A movie used to enjoy a second life on DVD. Now that has exploded into third, fourth, fifth and more lives on digital platforms as studios adjust to the new ways people watch movies outside of theaters.
In addition to slotting discs into traditional DVD players, average Joes and Janes are now downloading or streaming entertainment to PCs, gaming consoles, iPods and other portable devices. To capture that emerging business, studios must distribute movies to dozens of new digital retailers that were virtually unheard of just a few years back, including Xbox Live, PlayStation Store and Amazon Video on Demand.
A single movie can be offered in as many as 250 digital formats worldwide to accommodate the various video resolutions and encoding guidelines of these digital retailers.
Faced with such new responsibilities, studios are changing business models to better cater to digital. Today, many titles launch on cable/satellite video-on-demand, Web-based download sell-through/rental services and physical DVD simultaneously. Historically, studios would give DVD a head start on store shelves, thinking that’s where consumers go most.
“We know that consumers are changing their patterns from one platform to another. And we don’t want to lose that consumer,” says Steve Nickerson, president of Summit Home Entertainment. “If you don’t offer it at the same time, you risk losing the sale.”
Since its launch two years ago, Summit has rolled out its titles to nearly all available digital services day-and-date with their DVD bow.
Many other studios do continue to impose about a weeks-long window between DVD street and cable/satellite VOD, in the hopes of promoting the more valuable sale over rental transaction. But even that is disappearing as studios are chasing the increasingly digital consumer.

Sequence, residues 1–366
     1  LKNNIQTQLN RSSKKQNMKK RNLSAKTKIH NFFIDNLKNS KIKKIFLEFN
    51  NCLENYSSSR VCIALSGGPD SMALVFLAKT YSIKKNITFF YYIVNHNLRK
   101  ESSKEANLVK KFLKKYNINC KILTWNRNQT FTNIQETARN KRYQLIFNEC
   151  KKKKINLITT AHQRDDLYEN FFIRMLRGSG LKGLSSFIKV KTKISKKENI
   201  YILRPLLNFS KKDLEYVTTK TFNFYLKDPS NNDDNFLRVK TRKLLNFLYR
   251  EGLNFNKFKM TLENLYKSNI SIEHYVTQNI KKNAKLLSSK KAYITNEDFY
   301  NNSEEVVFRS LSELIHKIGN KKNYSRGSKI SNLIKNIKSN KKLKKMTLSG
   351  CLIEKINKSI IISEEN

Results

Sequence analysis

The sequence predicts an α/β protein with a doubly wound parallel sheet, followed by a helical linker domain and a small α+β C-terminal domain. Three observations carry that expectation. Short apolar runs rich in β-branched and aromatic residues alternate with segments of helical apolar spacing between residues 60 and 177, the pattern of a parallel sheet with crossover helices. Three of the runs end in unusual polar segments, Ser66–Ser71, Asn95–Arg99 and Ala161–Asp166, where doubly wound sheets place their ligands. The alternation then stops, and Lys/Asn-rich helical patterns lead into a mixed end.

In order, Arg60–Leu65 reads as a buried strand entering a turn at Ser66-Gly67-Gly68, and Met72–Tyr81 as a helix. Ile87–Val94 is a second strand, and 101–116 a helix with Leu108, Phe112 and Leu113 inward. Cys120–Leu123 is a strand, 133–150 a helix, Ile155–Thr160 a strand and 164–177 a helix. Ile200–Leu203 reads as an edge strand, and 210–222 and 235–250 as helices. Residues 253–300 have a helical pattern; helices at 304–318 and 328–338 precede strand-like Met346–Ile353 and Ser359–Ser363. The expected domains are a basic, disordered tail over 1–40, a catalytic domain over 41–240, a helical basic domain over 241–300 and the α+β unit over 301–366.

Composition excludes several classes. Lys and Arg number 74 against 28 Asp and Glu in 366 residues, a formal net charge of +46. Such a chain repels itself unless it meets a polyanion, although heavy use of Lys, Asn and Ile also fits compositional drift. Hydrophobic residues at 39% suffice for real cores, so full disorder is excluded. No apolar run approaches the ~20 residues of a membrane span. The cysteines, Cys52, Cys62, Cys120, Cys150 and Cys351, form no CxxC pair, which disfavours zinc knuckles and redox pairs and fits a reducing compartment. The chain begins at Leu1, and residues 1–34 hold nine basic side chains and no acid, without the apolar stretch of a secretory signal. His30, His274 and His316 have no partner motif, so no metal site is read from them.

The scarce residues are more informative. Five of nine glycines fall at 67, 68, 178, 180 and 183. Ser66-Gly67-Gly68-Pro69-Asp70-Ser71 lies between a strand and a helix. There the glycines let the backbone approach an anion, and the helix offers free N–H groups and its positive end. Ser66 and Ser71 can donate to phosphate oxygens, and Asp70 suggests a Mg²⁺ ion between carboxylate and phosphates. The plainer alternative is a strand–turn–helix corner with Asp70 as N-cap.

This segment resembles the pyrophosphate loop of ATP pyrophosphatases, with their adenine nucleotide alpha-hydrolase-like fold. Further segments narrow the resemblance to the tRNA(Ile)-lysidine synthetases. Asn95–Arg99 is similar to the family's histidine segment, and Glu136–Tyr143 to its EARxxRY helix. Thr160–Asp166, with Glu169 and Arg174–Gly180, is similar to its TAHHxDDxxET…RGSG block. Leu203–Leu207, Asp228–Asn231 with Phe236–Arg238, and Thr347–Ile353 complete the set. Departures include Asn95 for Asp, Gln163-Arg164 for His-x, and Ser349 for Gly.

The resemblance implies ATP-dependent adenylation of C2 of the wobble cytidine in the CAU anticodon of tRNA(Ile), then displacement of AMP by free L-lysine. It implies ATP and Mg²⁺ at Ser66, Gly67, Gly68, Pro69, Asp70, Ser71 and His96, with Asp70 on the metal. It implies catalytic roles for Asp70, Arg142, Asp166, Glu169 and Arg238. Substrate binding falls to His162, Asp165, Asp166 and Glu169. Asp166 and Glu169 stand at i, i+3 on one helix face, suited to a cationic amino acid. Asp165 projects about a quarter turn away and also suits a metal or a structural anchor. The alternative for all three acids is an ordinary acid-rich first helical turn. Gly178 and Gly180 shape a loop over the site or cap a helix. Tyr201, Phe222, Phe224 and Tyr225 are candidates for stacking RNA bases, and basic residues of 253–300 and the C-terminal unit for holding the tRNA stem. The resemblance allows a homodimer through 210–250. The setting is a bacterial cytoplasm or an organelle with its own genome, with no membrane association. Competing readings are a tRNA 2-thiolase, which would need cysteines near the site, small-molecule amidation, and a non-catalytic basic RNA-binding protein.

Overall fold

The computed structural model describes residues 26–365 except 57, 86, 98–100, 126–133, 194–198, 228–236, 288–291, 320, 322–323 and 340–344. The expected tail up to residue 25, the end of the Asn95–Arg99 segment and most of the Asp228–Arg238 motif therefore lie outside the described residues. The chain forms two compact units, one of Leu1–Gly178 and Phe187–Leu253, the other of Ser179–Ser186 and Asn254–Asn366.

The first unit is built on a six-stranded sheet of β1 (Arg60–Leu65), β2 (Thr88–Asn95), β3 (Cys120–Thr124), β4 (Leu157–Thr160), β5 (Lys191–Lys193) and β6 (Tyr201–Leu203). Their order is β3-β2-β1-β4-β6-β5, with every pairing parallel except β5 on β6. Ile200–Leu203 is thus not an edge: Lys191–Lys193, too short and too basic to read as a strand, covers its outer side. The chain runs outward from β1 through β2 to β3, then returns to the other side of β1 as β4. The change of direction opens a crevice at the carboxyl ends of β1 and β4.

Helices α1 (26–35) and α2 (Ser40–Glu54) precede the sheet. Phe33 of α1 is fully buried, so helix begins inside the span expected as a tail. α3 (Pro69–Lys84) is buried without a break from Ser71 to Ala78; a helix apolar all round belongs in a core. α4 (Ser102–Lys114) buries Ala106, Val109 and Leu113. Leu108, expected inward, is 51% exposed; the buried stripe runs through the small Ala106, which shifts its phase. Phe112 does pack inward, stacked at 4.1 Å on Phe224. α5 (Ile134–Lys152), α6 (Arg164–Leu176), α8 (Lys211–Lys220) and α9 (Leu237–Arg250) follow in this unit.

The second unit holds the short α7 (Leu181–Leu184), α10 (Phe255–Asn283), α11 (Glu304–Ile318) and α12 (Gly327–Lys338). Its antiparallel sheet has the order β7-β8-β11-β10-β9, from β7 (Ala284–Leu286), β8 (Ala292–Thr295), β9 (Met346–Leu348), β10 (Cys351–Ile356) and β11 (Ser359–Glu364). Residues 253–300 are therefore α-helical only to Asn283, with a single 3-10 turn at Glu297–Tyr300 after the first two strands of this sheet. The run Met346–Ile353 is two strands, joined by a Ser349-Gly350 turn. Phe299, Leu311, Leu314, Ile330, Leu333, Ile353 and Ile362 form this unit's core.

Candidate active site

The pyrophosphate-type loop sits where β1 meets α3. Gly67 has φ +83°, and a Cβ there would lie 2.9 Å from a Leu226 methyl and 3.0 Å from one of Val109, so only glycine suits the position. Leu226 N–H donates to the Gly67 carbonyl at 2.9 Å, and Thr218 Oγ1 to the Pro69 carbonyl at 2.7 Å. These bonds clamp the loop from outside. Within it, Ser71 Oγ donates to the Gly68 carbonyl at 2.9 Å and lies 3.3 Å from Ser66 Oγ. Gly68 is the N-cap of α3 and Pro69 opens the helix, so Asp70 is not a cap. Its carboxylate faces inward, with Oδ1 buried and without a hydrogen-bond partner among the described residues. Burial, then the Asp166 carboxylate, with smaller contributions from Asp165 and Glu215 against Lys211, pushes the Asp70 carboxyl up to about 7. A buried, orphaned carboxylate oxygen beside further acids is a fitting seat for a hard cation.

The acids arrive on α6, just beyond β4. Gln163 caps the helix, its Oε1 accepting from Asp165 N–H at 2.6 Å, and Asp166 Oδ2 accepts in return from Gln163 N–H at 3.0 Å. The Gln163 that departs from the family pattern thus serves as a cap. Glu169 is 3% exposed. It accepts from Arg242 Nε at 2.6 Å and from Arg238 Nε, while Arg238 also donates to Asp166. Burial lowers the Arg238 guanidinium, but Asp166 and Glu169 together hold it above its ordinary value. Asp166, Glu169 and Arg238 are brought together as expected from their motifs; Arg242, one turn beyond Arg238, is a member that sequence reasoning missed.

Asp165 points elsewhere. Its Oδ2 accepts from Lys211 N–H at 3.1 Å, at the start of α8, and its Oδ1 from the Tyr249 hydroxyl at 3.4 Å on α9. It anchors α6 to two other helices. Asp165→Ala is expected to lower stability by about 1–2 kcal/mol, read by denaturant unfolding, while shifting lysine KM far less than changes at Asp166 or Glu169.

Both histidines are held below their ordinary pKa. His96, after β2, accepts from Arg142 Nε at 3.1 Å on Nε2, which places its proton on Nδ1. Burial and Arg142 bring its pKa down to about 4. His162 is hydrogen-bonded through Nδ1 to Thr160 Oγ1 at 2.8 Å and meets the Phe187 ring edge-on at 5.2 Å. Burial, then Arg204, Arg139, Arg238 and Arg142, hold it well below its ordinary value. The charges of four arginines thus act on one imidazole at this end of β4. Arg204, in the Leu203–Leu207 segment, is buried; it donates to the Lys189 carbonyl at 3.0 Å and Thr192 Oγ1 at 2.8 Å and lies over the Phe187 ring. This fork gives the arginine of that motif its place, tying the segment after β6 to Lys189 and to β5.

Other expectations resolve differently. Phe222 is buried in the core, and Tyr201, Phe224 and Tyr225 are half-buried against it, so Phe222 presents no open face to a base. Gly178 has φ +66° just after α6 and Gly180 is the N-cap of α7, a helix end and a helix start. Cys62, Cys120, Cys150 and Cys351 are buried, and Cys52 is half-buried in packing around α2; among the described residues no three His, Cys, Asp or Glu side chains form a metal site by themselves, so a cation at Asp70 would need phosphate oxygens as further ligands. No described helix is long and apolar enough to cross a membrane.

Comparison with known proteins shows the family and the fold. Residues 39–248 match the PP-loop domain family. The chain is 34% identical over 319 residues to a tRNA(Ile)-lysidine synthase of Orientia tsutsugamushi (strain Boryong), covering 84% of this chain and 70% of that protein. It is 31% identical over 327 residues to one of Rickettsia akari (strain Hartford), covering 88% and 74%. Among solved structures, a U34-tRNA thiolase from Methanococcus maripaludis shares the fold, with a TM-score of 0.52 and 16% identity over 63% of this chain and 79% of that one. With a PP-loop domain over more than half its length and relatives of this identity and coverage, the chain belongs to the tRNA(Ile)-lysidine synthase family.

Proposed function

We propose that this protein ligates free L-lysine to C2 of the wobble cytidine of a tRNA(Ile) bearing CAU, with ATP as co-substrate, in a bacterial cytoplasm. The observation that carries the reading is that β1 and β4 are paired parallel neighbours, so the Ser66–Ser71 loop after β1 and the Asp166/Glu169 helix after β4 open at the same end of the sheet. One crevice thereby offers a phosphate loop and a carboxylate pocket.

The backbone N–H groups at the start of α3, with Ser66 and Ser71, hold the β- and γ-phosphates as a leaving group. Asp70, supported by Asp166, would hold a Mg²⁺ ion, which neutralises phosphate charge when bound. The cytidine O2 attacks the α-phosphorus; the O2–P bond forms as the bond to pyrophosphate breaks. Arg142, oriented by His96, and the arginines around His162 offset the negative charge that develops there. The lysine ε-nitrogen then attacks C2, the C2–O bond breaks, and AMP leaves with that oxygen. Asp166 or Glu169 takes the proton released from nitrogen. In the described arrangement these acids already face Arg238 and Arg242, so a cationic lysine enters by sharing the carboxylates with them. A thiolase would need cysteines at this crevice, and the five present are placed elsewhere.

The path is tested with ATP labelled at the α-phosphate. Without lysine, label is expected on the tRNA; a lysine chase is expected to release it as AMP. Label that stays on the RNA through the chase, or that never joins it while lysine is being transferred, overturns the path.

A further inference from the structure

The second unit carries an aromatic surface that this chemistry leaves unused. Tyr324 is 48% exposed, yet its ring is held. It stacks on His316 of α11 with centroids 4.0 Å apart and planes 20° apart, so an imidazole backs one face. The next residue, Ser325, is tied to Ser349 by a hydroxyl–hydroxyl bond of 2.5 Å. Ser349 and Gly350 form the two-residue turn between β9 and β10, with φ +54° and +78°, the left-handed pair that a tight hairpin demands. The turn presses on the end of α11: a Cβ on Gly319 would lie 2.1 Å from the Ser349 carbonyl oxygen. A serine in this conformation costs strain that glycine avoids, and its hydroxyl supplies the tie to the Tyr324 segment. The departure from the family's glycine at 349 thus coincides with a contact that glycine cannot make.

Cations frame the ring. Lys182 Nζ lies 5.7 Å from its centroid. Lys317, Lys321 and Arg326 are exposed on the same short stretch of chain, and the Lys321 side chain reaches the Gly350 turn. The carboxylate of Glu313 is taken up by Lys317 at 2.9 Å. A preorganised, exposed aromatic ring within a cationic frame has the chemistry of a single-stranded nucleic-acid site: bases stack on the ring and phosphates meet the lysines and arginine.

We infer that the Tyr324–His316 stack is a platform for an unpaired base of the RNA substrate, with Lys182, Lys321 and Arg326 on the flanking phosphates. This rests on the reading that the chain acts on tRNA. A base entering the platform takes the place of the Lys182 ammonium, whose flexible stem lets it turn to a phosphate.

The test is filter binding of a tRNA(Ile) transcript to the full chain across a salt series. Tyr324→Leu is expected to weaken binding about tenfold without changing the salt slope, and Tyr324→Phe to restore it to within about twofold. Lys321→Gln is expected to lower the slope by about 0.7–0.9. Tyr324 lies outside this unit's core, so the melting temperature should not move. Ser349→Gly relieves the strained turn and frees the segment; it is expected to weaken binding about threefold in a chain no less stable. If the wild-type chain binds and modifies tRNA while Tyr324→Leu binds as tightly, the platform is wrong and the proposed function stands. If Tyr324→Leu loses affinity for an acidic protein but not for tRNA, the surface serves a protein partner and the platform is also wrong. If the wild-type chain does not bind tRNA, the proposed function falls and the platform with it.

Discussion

In fact, Warner Home Video decided to street “Observe and Report” and “Ghosts of Girlfriends Past” to certain cable/satellite providers several days before their September DVD releases.
Sony Pictures Home Entertainment began launching select titles day-and-date with VOD this year, starting with August release “Obsessed.”
“It’s much more beneficial if the consumer buys content (instead of) renting content,” says Sean Carey, SPHE senior exec VP worldwide digital distribution. “That being said, we do feel that, for some titles, moving the VOD date to the same day as sell-through can grow (the business).”
Download sales are a small part of the home entertainment business, though they can be more meaningful on individual titles — as they were for Sony’s “Nick and Nora’s Infinite Playlist.”
“This is still a small portion of the home entertainment pie, but digital is becoming an increasingly significant portion,” Carey adds.
With the help of the Entertainment Technology Center, studios are engineering an interoperable digital master format (IMF) to further boost their digital businesses. Studios would seriously simplify — and save money on — the distribution process with one movie file, instead of 250, that could be delivered to fit most digital retailers.
Based at the U. of Southern California, the ETC has been overseeing regular studio meetings toward this IMF goal. The ETC expects to create a master specification by early 2010, having already completed more than half the work by September.
“We have an outline for all the necessary components required to make the IMF work,” says David Wertheimer, ETC executive director. “We are all pleased with the progress. Everyone wants more efficiency in the system. This will definitely take what is now a highly people-intensive, manual process into something that is automatic, predictable and reliable. Studios want to make it easier to get content out as broadly as possible to as many companies that provide digital entertainment.”
What: Entertainment and Technology Summit
Where: Loews Santa Monica Beach Hotel
Sponsor: SNL Kagan